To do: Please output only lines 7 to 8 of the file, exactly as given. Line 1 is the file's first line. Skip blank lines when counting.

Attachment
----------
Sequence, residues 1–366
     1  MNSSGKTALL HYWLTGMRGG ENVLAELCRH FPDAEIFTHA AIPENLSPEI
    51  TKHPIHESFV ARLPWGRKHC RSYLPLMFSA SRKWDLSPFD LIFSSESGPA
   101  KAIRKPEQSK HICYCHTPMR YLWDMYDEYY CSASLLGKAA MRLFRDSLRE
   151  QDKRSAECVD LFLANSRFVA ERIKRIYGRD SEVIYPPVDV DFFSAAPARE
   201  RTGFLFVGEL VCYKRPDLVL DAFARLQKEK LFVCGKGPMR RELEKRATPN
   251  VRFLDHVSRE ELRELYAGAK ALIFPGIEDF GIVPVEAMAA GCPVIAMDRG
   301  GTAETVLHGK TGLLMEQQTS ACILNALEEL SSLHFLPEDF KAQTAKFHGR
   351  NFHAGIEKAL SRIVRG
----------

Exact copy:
   251  VRFLDHVSRE ELRELYAGAK ALIFPGIEDF GIVPVEAMAA GCPVIAMDRG
   301  GTAETVLHGK TGLLMEQQTS ACILNALEEL SSLHFLPEDF KAQTAKFHGR